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* Educate healthcare professionals

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Wednesday, November 5, 2008

Frontotemporal dementia explained

A doctor from Northwestern University was interested in seeing my brother and sister's artwork. I keep an eye on their website, some good information there.

This information is found on the NW University Website http://www.brain.northwestern.edu/mdad/frontal.html

I made sidenotes in red about our family experience with this disease:

What is frontotemporal dementia?
There is a type of dementia called "frontotemporal" which typically affects patients at a very early age. [Have now traced my sister’s from her 20’s and my brother in his 30’s] In this type of dementia, there is no true memory loss in the early stages of the type that is seen in Alzheimer's dementia. Instead, there are changes in personality, ability to concentrate, social skills, motivation and reasoning. Because of their nature, these symptoms are often confused with psychiatric disorders. [My sister had bouts of depression, once treated with electric shock treatments. My brother exhibited signs of depression in his 30’s and 40’s.] There are gradual changes in one's customary ways of behaving and responding emotionally to others. Memory, language and visual perception are usually not impaired for the first two years, yet as the disease progresses and spreads to other areas of the brain, they too may become affected. Typically, the disorder affects females more than males.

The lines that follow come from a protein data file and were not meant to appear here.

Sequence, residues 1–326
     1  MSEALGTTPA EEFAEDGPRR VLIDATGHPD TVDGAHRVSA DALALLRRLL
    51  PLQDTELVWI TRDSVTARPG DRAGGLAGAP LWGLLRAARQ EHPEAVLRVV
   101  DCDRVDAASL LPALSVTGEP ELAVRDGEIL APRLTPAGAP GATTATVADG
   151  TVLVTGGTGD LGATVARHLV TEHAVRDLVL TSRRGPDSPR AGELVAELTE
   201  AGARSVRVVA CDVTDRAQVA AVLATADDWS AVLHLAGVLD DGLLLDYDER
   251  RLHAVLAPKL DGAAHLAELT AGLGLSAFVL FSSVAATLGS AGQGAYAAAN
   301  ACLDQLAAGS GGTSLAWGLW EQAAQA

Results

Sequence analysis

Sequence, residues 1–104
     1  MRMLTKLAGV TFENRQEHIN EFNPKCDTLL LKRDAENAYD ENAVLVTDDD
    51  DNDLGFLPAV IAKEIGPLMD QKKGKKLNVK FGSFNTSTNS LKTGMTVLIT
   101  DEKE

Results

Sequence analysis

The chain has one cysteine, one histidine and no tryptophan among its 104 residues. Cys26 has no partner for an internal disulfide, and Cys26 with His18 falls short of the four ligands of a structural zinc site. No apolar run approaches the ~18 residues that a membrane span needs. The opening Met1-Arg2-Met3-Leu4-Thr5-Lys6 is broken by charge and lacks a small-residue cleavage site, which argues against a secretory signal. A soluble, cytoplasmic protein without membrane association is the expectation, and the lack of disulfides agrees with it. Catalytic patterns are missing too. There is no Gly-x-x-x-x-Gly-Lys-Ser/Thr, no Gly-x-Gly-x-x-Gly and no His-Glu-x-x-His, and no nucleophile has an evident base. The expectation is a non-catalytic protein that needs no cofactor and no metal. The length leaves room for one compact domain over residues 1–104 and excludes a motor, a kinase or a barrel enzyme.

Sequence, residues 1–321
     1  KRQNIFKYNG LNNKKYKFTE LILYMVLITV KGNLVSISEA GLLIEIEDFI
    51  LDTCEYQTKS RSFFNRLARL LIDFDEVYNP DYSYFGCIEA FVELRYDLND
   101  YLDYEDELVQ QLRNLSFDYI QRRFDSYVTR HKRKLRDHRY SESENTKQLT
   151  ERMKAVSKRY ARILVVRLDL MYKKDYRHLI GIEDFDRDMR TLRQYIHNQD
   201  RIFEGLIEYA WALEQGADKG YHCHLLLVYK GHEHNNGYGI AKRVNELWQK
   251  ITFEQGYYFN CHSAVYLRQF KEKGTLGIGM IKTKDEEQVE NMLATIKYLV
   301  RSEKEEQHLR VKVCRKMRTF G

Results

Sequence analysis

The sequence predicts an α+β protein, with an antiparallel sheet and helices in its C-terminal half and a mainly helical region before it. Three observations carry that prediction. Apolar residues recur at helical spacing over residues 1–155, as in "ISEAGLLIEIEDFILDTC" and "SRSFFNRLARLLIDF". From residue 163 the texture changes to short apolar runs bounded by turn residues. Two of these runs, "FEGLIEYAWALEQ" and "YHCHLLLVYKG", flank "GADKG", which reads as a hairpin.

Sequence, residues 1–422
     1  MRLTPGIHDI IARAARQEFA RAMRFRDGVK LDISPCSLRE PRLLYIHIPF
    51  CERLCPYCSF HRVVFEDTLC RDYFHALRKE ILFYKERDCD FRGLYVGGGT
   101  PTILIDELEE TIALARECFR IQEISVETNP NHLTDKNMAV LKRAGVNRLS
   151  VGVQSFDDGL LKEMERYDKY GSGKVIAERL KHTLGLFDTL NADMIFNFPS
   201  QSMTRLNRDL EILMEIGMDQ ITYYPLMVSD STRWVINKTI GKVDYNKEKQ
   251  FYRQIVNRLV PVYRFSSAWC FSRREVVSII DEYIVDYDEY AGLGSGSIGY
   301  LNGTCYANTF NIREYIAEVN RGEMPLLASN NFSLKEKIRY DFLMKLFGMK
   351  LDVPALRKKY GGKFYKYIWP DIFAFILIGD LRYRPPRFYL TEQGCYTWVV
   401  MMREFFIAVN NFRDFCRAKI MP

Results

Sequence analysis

The symptoms reflect the fact that the brain degeneration is not initially widespread and settles in the parts of the brain that are important for social skills, reasoning, judgment and the ability to take initiative.

When the brains of individuals with frontal lobe dementia are studied after death, the types of microscopic abnormalities that are seen are typically of two kinds. The first type is called Non-specific focal degeneration and the second is labeled Pick's disease. [My sister was confirmed as Non-specific, we assume my brother was the same] Non-specific focal degeneration accounts for 80% of cases of frontal lobe dementia. It is called "non specific" because there are no abnormal particles that are identifiable-only evidence that brain cells have been eliminated. Pick's disease, which accounts for 20% of cases of frontal lobe dementia, is identified under the microscope by abnormal particles called "Pick bodies", named after the neurologist who first observed them.

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